EMS: Calling, Job, or Prison Sentence?


Thanks to our good friends at ACEP, More Than a Job. A Calling is the theme of this year’s EMS week.  For me it started with Roy and Johnny, then Rescue 911, police scanners, and chasing ambulances on my bike.  My reservation about getting into EMS was whether I could do it, and then whether I wanted to live at the poverty line, not whether I wanted to do it.

I’ve been so lucky.  After 13 years I still enjoy different challenges each day I go to work, connecting with patients, and helping people feel better.  There’s no other work I would find as fulfilling, or that I would as good at as a paramedic. There’s a dark side to this calling, however, that probably won’t be mentioned at the barbecues next week.

EMS work starts out being fun, even more fun than non-EMS hobbies. There’s always an open shift out there that needs to be filled, too.  Why sleep at home when you can get paid to be at a slow station?  And you had nothing important to do the next day, so it’s no problem staying over when your relief calls off.

As Thom Dick wrote in his excellent book People Care:

EMS is a wonderful thing to devote your life to.  But it can become an addiction, and there’s no such thing as a good addiction… EMS will take everything you have to give, chew you up and spit you out, and then come asking for more.”

Pretty soon mortgages and car payments depend on you working 80 hours each week. When your marriage is falling apart, it seems much easier to manage other people’s short-term problems than your long-term ones.  And that’s fine with the people who need those shifts filled.

But then those slow stations get busier, and running all night is much easier when you’re 25 than when you’re 40.  There’s no time to sleep, exercise, or spend time with non-EMS people – such as your family.  EMS isn’t so fun anymore, especially when patients smell bad and don’t meet your definition of an emergency.  The calling seems more like a job now, only working overtime is no longer a choice.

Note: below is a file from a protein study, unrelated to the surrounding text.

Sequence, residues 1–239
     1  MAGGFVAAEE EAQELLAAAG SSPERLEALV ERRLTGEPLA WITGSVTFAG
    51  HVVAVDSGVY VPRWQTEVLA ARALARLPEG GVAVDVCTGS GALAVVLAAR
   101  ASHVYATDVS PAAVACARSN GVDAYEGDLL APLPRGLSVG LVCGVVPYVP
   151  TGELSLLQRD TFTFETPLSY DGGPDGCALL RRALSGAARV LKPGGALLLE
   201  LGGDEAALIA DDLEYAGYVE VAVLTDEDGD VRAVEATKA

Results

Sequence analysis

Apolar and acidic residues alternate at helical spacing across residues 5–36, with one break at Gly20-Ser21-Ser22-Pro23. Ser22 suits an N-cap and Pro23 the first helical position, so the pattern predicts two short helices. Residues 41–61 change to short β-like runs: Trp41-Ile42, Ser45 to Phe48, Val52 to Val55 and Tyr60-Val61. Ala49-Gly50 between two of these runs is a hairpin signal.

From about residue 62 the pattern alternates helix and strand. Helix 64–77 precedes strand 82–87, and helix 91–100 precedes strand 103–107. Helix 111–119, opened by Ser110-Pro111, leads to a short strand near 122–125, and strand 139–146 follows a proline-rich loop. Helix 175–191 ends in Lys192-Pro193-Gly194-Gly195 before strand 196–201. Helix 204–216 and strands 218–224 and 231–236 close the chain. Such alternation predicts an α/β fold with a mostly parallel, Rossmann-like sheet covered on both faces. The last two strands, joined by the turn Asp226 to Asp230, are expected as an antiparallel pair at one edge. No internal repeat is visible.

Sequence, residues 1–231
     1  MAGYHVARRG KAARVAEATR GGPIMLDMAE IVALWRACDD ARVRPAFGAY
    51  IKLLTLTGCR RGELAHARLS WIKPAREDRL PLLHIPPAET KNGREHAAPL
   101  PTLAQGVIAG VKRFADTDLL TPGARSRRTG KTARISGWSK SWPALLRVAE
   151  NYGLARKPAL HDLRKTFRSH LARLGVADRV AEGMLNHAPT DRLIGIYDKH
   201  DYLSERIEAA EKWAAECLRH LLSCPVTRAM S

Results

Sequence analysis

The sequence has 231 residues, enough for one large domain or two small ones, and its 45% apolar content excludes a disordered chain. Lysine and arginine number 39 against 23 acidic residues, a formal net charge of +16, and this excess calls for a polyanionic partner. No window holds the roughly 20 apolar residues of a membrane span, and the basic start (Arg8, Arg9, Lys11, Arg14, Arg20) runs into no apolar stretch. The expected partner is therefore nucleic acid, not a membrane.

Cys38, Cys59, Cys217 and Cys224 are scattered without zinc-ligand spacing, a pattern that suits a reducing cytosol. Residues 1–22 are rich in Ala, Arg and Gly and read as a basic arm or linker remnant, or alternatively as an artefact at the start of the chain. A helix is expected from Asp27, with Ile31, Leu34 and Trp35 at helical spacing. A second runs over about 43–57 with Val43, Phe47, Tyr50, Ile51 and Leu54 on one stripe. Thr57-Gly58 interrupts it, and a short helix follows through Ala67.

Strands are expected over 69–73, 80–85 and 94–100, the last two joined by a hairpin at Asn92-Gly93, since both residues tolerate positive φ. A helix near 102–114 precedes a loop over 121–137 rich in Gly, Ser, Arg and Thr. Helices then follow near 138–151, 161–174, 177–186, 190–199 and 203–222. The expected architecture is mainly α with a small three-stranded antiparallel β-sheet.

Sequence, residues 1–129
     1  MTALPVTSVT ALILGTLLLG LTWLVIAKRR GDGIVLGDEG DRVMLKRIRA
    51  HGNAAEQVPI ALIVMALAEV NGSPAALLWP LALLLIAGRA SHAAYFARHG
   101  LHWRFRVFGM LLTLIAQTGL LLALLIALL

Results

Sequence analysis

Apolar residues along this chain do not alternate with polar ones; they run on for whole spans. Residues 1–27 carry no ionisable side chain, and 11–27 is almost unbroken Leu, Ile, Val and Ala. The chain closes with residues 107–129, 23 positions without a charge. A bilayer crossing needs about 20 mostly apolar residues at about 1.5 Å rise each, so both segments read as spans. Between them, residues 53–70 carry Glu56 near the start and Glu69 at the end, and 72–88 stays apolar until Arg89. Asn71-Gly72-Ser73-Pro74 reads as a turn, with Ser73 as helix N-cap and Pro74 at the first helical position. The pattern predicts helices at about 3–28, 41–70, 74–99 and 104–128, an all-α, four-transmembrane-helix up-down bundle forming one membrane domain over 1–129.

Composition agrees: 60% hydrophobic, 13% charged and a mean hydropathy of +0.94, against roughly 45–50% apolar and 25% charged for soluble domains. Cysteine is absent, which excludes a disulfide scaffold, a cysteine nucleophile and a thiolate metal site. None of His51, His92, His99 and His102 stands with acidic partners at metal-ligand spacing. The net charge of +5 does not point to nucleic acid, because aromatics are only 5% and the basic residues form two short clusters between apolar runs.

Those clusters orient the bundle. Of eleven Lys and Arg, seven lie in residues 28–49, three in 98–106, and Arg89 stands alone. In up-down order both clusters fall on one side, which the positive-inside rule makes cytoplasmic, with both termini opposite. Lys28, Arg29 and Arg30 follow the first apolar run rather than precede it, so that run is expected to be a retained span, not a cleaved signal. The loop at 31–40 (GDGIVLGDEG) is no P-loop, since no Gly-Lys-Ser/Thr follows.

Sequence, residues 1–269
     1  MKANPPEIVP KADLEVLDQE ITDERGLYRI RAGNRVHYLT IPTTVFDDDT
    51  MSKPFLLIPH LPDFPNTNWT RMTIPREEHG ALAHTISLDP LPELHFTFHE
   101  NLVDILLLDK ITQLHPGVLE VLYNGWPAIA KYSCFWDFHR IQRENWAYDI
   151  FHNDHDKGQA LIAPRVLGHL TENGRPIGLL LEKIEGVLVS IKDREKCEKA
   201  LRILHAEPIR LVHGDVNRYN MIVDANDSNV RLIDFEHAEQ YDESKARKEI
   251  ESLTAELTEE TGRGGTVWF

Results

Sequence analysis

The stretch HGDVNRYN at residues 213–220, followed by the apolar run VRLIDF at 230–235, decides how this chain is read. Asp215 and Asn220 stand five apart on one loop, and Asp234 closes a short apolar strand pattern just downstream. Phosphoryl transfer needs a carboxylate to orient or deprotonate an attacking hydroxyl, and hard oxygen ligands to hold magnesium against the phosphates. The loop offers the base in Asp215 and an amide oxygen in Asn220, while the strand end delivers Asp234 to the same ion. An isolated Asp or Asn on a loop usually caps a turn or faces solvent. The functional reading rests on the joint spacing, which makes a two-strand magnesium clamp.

The calls just seem to run together, and getting them over quickly seems more important than providing good care.  You don’t want to be there and your patients know it.  When you’re worried about working an extra shift to pay your mortgage, becoming a better caregiver and advocating to make EMS a profession isn’t on the radar.  It seems impossible to change careers, and that job seems like a prison sentence now.

EMS is a calling, but it takes work to keep it that way.  Start by reading People Care.  Resist the temptation to make it your life.  If your employer pays less than a living wage, leave and work for someone who does. Building a lifestyle around 80-hour work weeks is unsustainable, and it is not your responsibility to fill every open shift.

If you’re already in the EMS prison, you need to break out.  You’re killing yourself, hurting your family, unhelpful for your patients, and dragging the rest of us down.  Here are some suggestions on how to start.  After People Care, do a Dave Ramsey Total Money Makeover.  In the process, get yourself well.  If there’s no time for the gym, Bryan Fass has tips for EMS people to stay healthy.  A therapist may help with healing strained relationships, re-discovering the EMS calling, or finding fulfillment in something else.

EMS is a calling, but if we’re not careful it becomes a job we hate.

 

 

Comments

  1. So true, and I think other helping professions are susceptible to this as well. It’s all about setting limits- with ourselves, with others, and around our families.

  2. Paul Bazzoli says:

    So true. It seems that is where I am now after 21 years as a medic, 30 years as a BLS provider and at the age of 50. It is time to move on.
    Paul

    • emspatientperspective says:

      Sorry to hear that Paul, but I understand. Nursing, law enforcement, and the fire service seem to have diverse career opportunities down more than we do. I’m hoping to be part of making EMS more like those professions.

  3. Paul Bazzoli says:

    So true. It seems that is where I am now after 21 years as a medic, 30 years as a BLS provider and at the age of 50. It is time to move on.
    Paul

  4. Skip Kirkwood says:

    It is entirely possible to get in too deep. We need to pay a lot of attention to emotional health, emotional maturity, and a reasonable perspective on life.

    One thing that we don’t do very well in EMS is “take care of each other.” And we perversely value “dedication” – as witnessed by being supportive of someone who has 3 EMS jobs and volunteers at 4 different places. Could be not a sign of mental health – somebody ought to say something, but rarely will anyone speak up.

    • emspatientperspective says: